By Mary Holloway Richard
The trend toward decreasing costs in healthcare has seized upon value-based care – tying physician compensation to performance and outcome measures. These measures are also being used in contract negotiations with third party payors and healthcare plans.
Counsel for institutional and non-institutional providers are at the table providing advice about a number of important contractual terms and their ramifications including appropriate and measurable metrics for calculating bonuses and penalties and, if shared savings are at issue, how they should be split. For those who have been involved in negotiations of traditional fee-for-service contracts, this will seem like a fundamental change. It may also seem like a change that narrows the potential for disputes.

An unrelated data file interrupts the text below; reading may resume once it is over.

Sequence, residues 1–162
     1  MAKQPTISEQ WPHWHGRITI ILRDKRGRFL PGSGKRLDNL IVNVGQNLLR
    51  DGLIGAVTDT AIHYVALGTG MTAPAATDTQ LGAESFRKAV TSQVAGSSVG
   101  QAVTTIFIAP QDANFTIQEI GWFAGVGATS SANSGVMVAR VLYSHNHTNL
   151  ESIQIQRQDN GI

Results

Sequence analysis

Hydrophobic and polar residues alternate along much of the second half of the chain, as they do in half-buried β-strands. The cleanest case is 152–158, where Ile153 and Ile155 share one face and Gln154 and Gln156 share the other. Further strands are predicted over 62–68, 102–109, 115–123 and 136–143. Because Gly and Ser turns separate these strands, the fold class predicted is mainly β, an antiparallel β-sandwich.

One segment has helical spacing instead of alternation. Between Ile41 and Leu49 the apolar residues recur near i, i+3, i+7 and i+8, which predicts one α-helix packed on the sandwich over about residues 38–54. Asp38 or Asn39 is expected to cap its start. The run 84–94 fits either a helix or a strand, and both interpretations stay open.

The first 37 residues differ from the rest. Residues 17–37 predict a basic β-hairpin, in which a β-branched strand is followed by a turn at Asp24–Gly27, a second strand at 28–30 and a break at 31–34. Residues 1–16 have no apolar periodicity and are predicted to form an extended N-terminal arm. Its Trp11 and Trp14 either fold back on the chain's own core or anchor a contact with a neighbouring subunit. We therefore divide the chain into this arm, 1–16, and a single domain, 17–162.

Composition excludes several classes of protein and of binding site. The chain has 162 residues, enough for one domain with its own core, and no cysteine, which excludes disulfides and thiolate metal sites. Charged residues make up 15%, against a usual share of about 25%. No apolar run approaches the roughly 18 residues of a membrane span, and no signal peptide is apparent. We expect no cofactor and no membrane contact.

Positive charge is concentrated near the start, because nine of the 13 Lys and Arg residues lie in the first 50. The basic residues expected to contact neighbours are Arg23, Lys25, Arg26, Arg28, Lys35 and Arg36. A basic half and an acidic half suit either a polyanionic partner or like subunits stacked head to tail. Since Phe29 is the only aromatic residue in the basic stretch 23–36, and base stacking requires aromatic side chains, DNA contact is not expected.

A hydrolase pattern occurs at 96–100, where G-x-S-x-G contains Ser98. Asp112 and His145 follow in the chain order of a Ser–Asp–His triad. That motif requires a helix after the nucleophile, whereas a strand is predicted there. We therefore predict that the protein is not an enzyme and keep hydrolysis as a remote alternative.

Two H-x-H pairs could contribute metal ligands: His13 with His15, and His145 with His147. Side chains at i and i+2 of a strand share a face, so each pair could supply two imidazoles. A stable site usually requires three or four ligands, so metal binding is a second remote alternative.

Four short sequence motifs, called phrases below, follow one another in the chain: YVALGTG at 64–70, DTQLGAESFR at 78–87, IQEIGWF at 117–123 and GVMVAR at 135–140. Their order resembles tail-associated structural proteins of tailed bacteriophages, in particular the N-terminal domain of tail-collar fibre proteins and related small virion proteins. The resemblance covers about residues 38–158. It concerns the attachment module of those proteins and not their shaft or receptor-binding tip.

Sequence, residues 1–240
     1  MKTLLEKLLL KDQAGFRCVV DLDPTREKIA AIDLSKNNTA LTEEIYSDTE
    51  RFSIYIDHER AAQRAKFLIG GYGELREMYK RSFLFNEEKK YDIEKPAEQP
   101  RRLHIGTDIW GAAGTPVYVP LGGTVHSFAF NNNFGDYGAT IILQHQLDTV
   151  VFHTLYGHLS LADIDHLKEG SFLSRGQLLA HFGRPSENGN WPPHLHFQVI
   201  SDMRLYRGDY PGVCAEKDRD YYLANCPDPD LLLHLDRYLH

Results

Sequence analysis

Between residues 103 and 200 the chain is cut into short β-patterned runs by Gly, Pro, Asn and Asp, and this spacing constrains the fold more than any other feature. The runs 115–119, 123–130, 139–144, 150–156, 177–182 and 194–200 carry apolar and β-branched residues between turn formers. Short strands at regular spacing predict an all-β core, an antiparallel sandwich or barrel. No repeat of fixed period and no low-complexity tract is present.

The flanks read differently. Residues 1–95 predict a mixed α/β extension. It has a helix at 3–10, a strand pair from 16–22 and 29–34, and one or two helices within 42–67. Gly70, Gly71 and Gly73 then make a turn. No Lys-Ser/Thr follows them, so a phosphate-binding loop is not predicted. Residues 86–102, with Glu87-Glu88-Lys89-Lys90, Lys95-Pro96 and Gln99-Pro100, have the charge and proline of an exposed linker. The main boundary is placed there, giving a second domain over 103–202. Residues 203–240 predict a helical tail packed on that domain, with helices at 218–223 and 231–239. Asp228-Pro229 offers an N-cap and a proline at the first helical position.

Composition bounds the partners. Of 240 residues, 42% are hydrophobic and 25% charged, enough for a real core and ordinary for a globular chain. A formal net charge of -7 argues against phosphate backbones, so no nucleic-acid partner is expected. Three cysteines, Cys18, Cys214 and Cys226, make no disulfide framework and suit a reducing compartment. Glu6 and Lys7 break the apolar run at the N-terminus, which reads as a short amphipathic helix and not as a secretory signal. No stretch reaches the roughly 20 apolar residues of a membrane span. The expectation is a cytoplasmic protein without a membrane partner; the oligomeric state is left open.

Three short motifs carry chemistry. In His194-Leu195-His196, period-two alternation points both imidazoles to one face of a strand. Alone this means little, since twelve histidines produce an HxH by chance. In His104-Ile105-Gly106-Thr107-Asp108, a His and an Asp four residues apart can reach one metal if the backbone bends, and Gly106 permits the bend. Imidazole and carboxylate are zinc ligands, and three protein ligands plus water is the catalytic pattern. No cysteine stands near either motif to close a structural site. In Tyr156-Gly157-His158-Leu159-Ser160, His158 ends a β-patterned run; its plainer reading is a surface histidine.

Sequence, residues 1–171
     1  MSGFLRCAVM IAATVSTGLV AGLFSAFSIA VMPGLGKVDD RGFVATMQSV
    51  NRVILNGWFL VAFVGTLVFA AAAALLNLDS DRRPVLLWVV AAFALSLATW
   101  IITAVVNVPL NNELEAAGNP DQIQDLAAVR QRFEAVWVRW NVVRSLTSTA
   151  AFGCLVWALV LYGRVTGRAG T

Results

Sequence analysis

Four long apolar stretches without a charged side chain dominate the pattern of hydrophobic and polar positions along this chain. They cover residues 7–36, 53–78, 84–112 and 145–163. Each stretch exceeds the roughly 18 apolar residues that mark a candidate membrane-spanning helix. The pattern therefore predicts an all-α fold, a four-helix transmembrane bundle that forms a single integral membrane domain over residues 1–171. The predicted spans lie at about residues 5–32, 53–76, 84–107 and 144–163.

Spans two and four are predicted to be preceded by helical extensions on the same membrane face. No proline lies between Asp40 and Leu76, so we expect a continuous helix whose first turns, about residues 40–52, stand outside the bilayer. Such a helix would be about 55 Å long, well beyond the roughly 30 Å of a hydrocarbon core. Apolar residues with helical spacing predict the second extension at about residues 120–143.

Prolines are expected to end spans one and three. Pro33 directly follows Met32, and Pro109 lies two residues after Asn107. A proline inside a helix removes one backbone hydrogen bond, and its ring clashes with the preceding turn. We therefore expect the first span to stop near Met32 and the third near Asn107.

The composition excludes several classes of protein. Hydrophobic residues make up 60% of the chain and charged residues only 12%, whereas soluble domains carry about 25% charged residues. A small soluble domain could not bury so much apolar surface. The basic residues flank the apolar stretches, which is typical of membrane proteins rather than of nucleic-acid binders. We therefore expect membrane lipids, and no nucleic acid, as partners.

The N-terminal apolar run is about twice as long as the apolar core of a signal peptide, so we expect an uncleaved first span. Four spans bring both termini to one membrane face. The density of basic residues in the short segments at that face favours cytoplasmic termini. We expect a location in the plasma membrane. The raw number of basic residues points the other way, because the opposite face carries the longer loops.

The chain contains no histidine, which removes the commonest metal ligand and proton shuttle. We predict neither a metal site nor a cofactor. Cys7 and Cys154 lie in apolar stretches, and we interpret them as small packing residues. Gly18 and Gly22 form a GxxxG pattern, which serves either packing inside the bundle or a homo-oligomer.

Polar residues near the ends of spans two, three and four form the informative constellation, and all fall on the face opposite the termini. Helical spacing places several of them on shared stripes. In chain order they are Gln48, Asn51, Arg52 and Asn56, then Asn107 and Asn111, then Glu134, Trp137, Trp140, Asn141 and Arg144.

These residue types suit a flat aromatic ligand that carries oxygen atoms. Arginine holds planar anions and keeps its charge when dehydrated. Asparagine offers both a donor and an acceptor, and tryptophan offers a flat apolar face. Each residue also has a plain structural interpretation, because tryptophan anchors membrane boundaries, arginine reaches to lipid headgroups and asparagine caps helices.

However, numerous issues will continue to be important to providers. For example:
- Are the metrics used as incentives or penalties?
- Are the selected benchmarks easily measurable and attainable?
- Do they raise regulatory issues such as potentially impacting volume in an unacceptable way or spawn any other results that could be construed to be anticompetitive?
While these questions have yet to be answered by Oklahoma courts, we can look to decisions from other states and consider ourselves forewarned as to the nuances and potential pitfalls in negotiating and drafting these terms.